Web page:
EPA orders cleanup of toxic Nevada mine

EPA orders cleanup of toxic Nevada mine

After years of delay, federal regulators have ordered Atlantic Richfield Co. to take the first major step toward cleaning up contamination at a huge abandoned copper mine in northern Nevada that they say poses an “imminent and substantial” threat.

The U.S. Environmental Protection Agency’s order to determine the extent of the contamination replaces voluntary cleanup efforts and is the most significant to date at the half-century old Anaconda Co. mine, EPA officials told The Associated Press.

The order stems primarily from studies in 2003 that found the soil and groundwater had been contaminated with uranium, apparently a radioactive byproduct of decades of chemical processing of copper at the mine site that covers six square miles, the agency said. The mine also is polluted with arsenic, beryllium, lead, mercury and selenium.

The potential Superfund site borders the town of Yerington and is near the Yerington Paiute Tribe Reservation, about 60 miles southeast of Reno.

Cleanup plans have been the source of contentious negotiations between EPA, the Bureau of Land Management, the state of Nevada, Atlantic Richfield, neighboring residents and tribes, as well as a BLM whistleblower who claims he was fired after he complained about an alleged cover-up of the health and safety risks at the toxic mine.

Atlantic Richfield officials said they were caught by surprise by the order, which was signed on Friday but not made public until late Tuesday.

The company has been “negotiating with EPA for months” on a voluntary agreement to do the “same scope of work,” said Cindy Wymore, a spokeswoman for its parent, BP.

“We were ready to sign off on an agreement to do that work. EPA had the paperwork,” she said by telephone from Yerington. “We don’t know if it is posturing or what.”

Wymore said EPA wants to add the site to the U.S. Superfund list over the objections of Atlantic Richfield and the state of Nevada.

“Maybe this is part of their P-R effort,” she said.

Officials for the Nevada Division of Environmental Protection had not seen the order and had no immediate comment, spokesman Dante Pistoni said.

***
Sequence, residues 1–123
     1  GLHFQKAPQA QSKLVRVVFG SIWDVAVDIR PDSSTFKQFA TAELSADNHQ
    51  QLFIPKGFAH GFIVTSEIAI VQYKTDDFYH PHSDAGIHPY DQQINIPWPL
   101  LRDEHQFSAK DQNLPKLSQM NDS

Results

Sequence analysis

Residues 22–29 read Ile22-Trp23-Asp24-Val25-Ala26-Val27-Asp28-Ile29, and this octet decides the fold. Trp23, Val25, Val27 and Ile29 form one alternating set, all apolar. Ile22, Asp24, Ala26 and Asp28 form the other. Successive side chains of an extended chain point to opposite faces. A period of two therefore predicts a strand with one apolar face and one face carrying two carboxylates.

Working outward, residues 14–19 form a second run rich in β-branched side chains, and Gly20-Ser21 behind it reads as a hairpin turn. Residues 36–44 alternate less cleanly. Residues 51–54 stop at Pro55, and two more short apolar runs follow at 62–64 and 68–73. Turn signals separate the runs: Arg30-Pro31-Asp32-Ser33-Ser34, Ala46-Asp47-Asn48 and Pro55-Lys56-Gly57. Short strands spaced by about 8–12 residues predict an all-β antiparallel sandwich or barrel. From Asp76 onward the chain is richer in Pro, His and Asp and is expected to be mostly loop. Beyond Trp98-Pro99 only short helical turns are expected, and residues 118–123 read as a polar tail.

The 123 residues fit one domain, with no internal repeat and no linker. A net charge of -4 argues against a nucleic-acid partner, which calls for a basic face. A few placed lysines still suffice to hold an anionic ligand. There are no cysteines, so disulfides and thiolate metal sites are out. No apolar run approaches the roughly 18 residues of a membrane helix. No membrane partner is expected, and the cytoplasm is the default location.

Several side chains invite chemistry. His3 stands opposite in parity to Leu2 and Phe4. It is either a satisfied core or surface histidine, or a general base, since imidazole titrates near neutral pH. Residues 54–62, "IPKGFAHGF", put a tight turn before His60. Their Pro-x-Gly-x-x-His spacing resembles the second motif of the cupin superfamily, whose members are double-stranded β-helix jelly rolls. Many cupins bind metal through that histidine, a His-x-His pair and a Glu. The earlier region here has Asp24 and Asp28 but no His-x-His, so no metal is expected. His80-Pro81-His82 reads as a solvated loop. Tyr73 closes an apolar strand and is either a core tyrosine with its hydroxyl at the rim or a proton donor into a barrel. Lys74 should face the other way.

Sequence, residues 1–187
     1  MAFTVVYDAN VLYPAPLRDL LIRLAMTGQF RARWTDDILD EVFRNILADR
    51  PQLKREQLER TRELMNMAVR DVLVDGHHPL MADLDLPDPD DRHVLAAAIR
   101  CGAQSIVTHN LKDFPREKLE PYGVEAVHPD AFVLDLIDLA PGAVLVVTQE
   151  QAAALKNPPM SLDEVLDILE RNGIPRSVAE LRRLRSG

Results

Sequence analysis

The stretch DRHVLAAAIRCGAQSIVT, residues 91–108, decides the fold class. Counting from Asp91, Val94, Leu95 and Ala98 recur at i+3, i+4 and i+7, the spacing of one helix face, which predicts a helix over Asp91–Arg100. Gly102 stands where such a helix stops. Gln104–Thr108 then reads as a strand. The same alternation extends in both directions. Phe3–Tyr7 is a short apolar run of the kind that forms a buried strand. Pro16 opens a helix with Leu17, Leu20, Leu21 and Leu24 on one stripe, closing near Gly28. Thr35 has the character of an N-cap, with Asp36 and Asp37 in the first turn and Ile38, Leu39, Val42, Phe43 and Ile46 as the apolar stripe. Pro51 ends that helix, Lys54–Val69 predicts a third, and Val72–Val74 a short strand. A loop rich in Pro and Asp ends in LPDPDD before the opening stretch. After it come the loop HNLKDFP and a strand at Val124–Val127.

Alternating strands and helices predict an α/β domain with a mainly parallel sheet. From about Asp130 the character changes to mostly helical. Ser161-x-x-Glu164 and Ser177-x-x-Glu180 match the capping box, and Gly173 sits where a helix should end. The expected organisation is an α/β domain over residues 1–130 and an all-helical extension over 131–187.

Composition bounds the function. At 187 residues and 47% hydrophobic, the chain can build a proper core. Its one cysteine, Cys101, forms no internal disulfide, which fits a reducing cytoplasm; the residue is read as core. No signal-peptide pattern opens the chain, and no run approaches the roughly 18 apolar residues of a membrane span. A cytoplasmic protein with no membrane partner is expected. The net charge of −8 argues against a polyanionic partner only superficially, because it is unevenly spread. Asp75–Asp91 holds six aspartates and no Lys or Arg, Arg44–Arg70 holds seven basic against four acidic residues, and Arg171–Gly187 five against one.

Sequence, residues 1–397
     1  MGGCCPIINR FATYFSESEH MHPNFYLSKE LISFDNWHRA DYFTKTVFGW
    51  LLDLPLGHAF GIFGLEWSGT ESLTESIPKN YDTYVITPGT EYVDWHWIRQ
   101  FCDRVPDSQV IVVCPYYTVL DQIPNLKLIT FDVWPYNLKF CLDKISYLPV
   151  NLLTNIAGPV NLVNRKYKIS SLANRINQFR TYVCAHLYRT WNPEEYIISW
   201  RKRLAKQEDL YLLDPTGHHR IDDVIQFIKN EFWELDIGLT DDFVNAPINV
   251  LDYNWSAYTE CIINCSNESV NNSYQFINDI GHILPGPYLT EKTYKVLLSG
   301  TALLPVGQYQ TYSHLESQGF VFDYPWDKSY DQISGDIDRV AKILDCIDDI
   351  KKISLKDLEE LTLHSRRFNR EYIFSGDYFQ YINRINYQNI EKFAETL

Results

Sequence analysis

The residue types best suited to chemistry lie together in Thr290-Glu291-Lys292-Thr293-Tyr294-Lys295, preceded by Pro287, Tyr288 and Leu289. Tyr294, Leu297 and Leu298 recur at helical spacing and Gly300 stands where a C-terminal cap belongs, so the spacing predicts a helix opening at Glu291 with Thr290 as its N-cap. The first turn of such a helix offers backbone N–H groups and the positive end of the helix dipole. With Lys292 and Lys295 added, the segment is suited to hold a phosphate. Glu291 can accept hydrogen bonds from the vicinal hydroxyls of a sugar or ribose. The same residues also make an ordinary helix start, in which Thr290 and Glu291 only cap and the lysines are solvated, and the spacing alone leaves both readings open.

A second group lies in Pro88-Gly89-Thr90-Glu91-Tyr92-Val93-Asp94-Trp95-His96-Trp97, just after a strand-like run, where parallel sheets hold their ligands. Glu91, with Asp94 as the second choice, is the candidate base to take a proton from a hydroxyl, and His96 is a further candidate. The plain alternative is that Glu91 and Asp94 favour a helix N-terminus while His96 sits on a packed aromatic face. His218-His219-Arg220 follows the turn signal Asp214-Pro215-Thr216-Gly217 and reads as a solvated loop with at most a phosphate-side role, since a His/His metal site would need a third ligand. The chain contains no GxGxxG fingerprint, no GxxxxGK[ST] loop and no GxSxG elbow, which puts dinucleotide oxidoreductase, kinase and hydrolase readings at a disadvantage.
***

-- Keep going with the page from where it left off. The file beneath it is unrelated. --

EPA officials said the new action does not put the site on the Superfund list nor is the agency seeking such status, though it remains an option.

“This lays out the road map for how to investigate the entire site, look at what kind of contamination is out there — what kind of risk we have out there and what to do to clean it up,” said Jim Sickles, EPA’s remedial project manager at the site.

Kathleen Johnson, chief of EPA’s Superfund branch managing the site, said the study the agency ordered “is a necessary step in addressing imminent and substantial threats from hazardous substances.”

Local residents and environmentalists primarily blame Atlantic Richfield for the slow pace of cleanup efforts at the mine, which closed for good in January 2000.

Vince Conway, chairman of the Yerington Paiute Tribe, and others said they’ve been concerned about the quality of the company’s proposed plans and are glad to see EPA taking action.

“We think that ARCO has failed to move ahead on the site with enough urgency and are supportive of the EPA’s efforts to speed up the remediation,” added Dan Randolph, executive director of the Great Basin Mine Watch, a nonprofit watchdog group based in Reno.

A group of concerned citizens organized by a woman who lives across the street from the mine site, Peggy Pauly, also applauded the move.

“We feel EPA has been too patient,” the Yerington Community Action Group said in a statement.

Sickles confirmed EPA has been discussing a voluntary agreement with Atlantic Richfield since June and “we actually have been getting some forward motion from those folks.”

“But the agreement is set to start the first of February and the idea was to go ahead and ensure we could get a workable deadline for all parties involved so this moves ahead,” he told AP.

Sickles said if a voluntary agreement is reached by the end of the month, it would replace the formal order.

“That is better for all parties. If not, this is another way to make it happen,” he said.

Actual cleanup of the site is expected to take several years and cost tens of millions of dollars.

“The investigation alone we are estimating will take three to five years and that doesn’t get you to the remedy. That just gets you to where you know what the remedy is,” Sickles said.

Work at some similar sites goes on for decades, he said. The Yerington site is especially complicated because it’s so big and has radiological contamination in addition to the usual heavy metals and acid drainage.

“It’s definitely what they call a `megasite,’ which means cleanup will probably be more than $50 million,” Sickles said.

An administrative law judge for the U.S. Labor Department ruled in September that a former BLM manager at the site, Earle Dixon, was illegally fired for speaking out about dangers at the mine, including unsafe levels of uranium he claims state regulators knew about but covered up since 1984.

The BLM is appealing the law judge’s ruling. BLM spokesman Richard Brown said the agency had no comment on the new order.

Source: www.casperstartribune.net

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